CHICAGO--(BUSINESS WIRE)--Octodad, a third-person PC adventure about “destruction, deception and fatherhood” has been named one of eight Student Showcase Winners for the 2011 Independent Games Festival (IGF) at the Game Developers Conference (GDC) to take place Feb. 28 - March 4 in San Francisco. DePaul University’s Devil’s Tuning Fork was also an IGF Student Showcase Winner in 2010.
Created by students in DePaul University’s College of Computing and Digital Media with the help of advisors Patrick Curry (Game Director, Wideload Games and game design instructor at DePaul) and Associate Professor Scott Roberts, the game tells the story of Octodad, a cephalopod whose true nature must be kept hidden from his human family.
The innovative third-person adventure game, free to download from the DePaul site, has been collecting accolades from the game enthusiast and consumer publications since its release in late 2010. Octodad has been featured on Kotaku, Joystiq, Destructoid, IGN, Indie Gamer and PC Gamer and downloaded more than 125,000 times since release. The game received a "Honorable Mention" from Indiegames.com's Best Of 2010: Top 10 Indie Games; it was also named Funniest Video Game of 2010 by SplitSider.com.
Founded in 2004, DePaul’s Game Development Program emphasizes a team-based approach to game development and includes courses in production, design, programming and animation. The university offers the largest computer science and game development program in the Midwest and was one of the first liberal arts universities to create a game program. DePaul currently has 259 undergraduates and 36 graduates enrolled in its game program.
“Octodad is near and dear to our hearts because it displays an immense degree of creativity while being really fun to play,” said David Miller, dean, College of Computing and Digital Media. “More than a technical achievement, the award validates DePaul’s multidisciplinary approach to game development, rewarding this game for its unique aesthetics, programming chops and writing.”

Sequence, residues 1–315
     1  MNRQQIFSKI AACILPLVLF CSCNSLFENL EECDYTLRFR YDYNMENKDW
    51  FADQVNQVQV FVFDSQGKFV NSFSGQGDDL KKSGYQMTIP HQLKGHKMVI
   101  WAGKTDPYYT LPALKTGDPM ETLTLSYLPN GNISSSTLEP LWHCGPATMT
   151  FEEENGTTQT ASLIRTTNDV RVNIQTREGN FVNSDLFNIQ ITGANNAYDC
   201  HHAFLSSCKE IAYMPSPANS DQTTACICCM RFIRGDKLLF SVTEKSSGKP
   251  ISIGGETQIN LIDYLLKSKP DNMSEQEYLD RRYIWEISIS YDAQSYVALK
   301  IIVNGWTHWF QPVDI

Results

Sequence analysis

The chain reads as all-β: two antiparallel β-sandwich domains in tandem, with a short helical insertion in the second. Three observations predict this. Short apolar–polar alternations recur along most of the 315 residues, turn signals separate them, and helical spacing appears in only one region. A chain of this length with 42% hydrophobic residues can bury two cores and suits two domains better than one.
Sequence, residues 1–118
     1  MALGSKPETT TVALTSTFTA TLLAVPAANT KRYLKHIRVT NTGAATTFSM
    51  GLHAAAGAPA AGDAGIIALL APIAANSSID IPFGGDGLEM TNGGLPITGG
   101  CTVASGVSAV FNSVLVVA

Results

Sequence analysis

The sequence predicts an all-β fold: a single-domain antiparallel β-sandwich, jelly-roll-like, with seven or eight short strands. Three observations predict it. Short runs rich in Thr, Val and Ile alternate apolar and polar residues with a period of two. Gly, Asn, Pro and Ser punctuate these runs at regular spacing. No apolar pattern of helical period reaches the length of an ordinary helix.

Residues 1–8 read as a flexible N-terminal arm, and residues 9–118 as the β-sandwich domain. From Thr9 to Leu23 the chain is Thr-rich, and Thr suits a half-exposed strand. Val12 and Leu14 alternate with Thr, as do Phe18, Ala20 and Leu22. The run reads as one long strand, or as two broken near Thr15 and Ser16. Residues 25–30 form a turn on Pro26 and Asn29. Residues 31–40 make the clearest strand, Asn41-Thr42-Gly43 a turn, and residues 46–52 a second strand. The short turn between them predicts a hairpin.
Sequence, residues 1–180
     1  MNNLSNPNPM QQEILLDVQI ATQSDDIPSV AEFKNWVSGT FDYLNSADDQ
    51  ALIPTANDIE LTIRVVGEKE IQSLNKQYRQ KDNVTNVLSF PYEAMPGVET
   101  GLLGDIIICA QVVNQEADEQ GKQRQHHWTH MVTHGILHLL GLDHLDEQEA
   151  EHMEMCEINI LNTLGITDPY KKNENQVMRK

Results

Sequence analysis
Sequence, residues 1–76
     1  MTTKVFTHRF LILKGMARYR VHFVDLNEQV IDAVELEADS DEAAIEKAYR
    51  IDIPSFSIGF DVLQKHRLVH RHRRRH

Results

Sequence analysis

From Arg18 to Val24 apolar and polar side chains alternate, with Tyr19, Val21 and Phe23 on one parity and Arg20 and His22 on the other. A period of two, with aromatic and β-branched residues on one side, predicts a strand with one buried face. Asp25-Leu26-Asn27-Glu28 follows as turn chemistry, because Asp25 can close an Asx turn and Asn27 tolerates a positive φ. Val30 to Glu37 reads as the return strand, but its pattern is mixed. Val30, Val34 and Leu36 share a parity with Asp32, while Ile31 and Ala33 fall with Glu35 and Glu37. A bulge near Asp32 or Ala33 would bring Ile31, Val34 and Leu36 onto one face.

DePaul’s program gives students a real-world view of careers in game development and builds the skills that will help them find employment in the business immediately after graduation.
“The game industry is known to be tough to break into – and unforgiving to those who lack experience making games,” said Scott Roberts, project advisor for the team behind Octodad and associate professor at DePaul’s School of Cinema and Interactive Media. “You can’t beat going to school and producing an award-winning game as a job-hunting strategy. Kudos to the team for pulling it off in such a spectacular fashion.”
Octodad can be downloaded for free at http://www.octodadgame.com/.
To learn more about DePaul’s Game Development program, visit http://gamedev.depaul.edu/.
With more than 3,000 students enrolled in its undergraduate and graduate programs, the College of Computing and Digital Media (CDM) is one of the largest colleges of its kind in the nation. CDM’s faculty come from distinguished research, academic and industry backgrounds and have access to on-campus research laboratories dedicated to artificial intelligence, computer vision and graphics, digital media, high-performance computing and other premier technologies. The National Security Agency has recognized CDM as a national leader in computer network security and information assurance education. The college has received numerous national honors in recent years, including being one of the inaugural six universities selected to participate in the Sony Pictures Imageworks IPAX program. CDM utilizes faculty and industry experts-in-residence to prepare students for the job market in Chicago and around the nation.
With more than 25,000 students, DePaul University is the largest Catholic university in the United States and the largest private, non-profit university in the Midwest. The university offers more than 260 graduate and undergraduate programs of study on two Chicago campuses, four suburban and several international locations. Founded in 1898 on the St. Vincent de Paul principle of expanding access to education, DePaul remains committed to providing a quality education through personal attention to students from a wide range of backgrounds. For more information, go to www.depaul.edu.